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This page explains the special opcodes that can be used in M5 to do checkpoints etc. The m5 utility program (on our disk image and in util/m5/*) provides some of this functionality on the command line. In many cases it is best to insert the operation directly in the source code of your application of interest. You should be able to link with the appropriate m5op_ARCH.o file and the m5op.h header file has prototypes for all the functions.

The m5 Utility (FS mode)

The m5 utility (see util/m5/) can be used in FS mode to issue special instructions to trigger simulation specific functionality. It currently offers the following options:

  • ivlb: Deprecated, present only for old binary compatibility
  • ivle: Deprecated, present only for old binary compatibility
  • initparam: Deprecated, present only for old binary compatibility
  • sw99param: Deprecated, present only for old binary compatibility
  • exit [delay]: Stop the simulation in delay nanoseconds.
  • resetstats [delay [period]]: Reset simulation statistics in delay nanoseconds; repeat this every period nanoseconds.
  • dumpstats [delay [period]]: Save simulation statistics to a file in delay nanoseconds; repeat this every period nanoseconds.
  • dumpresetstats [delay [period]]: same as dumpstats; resetstats
  • checkpoint [delay [period]]: Create a checkpoint in delay nanoseconds; repeat this every period nanoseconds.
  • readfile: Print the file specified by the config parameter system.readfile. This is how the the rcS files are copied into the simulation environment.
  • debugbreak: Call debug_break() in the simulator (causes simulator to get SIGTRAP signal, useful if debugging with GDB).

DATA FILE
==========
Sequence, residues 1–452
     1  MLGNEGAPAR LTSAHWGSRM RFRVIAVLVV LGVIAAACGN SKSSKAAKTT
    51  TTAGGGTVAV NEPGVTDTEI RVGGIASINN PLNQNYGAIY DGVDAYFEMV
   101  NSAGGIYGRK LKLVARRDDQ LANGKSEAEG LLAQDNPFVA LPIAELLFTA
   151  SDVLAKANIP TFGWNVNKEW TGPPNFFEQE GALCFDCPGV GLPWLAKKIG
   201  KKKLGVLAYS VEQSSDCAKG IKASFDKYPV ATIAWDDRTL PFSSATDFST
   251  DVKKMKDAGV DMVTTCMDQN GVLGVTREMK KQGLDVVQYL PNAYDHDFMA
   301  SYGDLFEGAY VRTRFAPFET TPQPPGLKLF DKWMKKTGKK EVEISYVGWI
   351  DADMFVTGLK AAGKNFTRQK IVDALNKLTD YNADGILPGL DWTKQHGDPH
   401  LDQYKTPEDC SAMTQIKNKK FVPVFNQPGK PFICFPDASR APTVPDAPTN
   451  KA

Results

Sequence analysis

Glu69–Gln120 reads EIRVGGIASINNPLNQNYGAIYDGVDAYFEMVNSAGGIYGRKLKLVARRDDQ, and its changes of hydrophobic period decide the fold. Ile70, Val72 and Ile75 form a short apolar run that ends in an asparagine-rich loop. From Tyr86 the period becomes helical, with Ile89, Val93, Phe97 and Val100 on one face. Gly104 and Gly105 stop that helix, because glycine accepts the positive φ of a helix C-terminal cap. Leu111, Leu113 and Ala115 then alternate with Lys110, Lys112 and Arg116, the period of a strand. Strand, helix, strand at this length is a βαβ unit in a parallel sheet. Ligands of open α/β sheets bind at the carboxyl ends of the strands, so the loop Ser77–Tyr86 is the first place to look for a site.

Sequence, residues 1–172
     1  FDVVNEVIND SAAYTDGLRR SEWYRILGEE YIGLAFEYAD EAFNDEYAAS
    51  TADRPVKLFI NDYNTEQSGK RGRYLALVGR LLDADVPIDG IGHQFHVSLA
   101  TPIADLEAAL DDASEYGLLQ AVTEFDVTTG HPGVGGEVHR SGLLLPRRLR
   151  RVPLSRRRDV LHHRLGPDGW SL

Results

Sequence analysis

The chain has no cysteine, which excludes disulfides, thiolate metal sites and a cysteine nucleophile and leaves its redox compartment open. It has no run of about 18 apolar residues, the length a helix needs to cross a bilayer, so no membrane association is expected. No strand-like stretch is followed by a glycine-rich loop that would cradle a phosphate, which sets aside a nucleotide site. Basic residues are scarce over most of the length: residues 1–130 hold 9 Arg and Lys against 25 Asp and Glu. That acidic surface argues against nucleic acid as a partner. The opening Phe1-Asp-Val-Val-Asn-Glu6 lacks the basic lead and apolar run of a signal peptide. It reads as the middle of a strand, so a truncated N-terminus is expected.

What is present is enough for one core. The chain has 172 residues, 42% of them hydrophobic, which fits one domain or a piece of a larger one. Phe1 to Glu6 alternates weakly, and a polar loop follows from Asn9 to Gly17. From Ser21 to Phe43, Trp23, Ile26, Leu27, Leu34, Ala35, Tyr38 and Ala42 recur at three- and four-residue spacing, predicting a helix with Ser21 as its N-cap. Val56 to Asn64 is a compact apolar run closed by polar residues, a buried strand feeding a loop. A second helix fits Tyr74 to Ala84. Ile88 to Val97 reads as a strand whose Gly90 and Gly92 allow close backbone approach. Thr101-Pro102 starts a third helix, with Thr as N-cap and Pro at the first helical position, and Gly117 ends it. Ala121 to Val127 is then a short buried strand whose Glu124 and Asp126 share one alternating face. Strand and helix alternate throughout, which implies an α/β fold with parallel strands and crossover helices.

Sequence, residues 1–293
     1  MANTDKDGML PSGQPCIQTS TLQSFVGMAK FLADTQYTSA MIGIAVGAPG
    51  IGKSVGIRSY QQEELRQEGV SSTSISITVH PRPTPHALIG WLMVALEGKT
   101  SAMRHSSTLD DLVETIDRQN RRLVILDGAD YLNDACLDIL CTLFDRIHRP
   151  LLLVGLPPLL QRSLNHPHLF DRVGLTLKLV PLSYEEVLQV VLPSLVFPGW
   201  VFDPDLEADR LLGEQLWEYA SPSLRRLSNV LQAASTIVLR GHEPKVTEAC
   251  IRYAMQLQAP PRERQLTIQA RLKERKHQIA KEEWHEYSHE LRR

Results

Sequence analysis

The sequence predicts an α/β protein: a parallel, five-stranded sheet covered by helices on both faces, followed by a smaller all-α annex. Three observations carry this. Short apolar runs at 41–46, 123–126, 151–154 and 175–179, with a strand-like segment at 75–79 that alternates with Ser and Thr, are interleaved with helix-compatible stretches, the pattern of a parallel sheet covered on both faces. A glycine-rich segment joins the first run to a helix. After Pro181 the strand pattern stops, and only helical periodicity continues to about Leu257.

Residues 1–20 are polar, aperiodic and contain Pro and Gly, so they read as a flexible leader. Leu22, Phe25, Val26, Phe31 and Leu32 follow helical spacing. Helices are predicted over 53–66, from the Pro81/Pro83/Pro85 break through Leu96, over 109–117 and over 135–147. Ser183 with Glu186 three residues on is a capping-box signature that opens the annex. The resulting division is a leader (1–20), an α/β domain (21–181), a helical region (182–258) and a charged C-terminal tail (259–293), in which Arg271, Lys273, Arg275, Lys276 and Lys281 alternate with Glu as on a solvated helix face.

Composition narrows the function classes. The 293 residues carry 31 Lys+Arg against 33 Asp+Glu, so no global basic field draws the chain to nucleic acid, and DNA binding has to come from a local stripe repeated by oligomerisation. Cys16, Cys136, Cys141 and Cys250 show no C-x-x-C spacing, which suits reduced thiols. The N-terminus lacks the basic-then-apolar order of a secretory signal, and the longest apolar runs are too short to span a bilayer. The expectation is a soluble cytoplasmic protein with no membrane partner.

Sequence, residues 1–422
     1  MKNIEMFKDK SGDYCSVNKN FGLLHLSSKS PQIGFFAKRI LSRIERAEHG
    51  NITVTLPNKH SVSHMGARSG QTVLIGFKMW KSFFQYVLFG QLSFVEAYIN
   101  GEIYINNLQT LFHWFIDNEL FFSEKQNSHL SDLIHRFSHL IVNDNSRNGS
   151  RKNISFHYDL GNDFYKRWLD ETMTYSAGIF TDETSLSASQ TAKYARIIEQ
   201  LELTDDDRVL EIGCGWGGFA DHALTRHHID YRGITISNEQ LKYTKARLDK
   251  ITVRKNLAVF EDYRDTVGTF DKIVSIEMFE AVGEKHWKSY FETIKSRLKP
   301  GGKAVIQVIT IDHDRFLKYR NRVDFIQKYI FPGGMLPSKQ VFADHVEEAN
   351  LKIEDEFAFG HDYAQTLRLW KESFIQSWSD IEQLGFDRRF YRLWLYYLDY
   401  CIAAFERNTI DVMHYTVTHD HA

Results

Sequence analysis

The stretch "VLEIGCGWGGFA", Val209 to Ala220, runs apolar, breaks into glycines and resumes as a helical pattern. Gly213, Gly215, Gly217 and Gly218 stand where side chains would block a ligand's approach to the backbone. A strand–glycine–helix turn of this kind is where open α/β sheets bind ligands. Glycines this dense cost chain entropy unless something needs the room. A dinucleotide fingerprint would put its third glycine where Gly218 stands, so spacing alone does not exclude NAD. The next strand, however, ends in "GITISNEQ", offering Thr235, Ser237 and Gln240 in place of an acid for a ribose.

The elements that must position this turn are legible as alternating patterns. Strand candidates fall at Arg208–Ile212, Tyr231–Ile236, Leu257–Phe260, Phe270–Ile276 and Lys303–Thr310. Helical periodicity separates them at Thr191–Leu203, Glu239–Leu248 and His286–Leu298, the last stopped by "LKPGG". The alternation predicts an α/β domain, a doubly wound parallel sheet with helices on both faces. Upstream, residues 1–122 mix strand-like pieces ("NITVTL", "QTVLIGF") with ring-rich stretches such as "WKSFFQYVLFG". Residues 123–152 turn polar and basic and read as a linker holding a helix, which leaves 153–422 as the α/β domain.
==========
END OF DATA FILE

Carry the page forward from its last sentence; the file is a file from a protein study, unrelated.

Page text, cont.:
• switchcpu: Cause an exit event of type, "switch cpu," allowing the Python to switch to a different CPU model if desired.

Other M5 ops

These are other M5 ops that aren't useful in command line form.

  • quiesce: De-schedule the CPUs tick() call until an some asynchronous event wakes it (an interrupt)
  • quiesceNS: Same as above, but automatically wakes after a number of nanoseconds if it's not woken up prior
  • quiesceCycles: Same as above but with CPU cycles instead of nanoseconds
  • quisceTIme: The amount of time the CPU was quiesced for
  • addsymbol: Add a symbol to the simulators symbol table. For example when a kernel module is loaded

Using gem5 ops in Java code

These ops can also be used in Java code. These ops allow gem5 ops to be called from within java programs like the following:

import jni.gem5Op;

public  class HelloWorld {

   public static void main(String[] args) {
       gem5Op gem5 = new gem5Op();
       System.out.println("Rpns0:" + gem5.rpns());
       System.out.println("Rpns1:" + gem5.rpns());

   static {

When building you need to make sure classpath include gem5OpJni.jar:

javac -classpath $CLASSPATH:/path/to/gem5OpJni.jar HelloWorld.java

and when running you need to make sure both the java and library path are set:

java -classpath $CLASSPATH:/path/to/gem5OpJni.jar -Djava.library.path=/path/to/libgem5OpJni.so HelloWorld

Using gem5 ops with Fortran code

gem5's special opcodes (psuedo instructions) can be used with Fortran programs. In the Fortran code, one can add calls to C functions that invoke the special opcode. While creating the final binary, compile the object files for the Fortran program and the C program (for opcodes) together. I found the documentation provided here useful. Read the section -- Compiling a mixed C-Fortran program.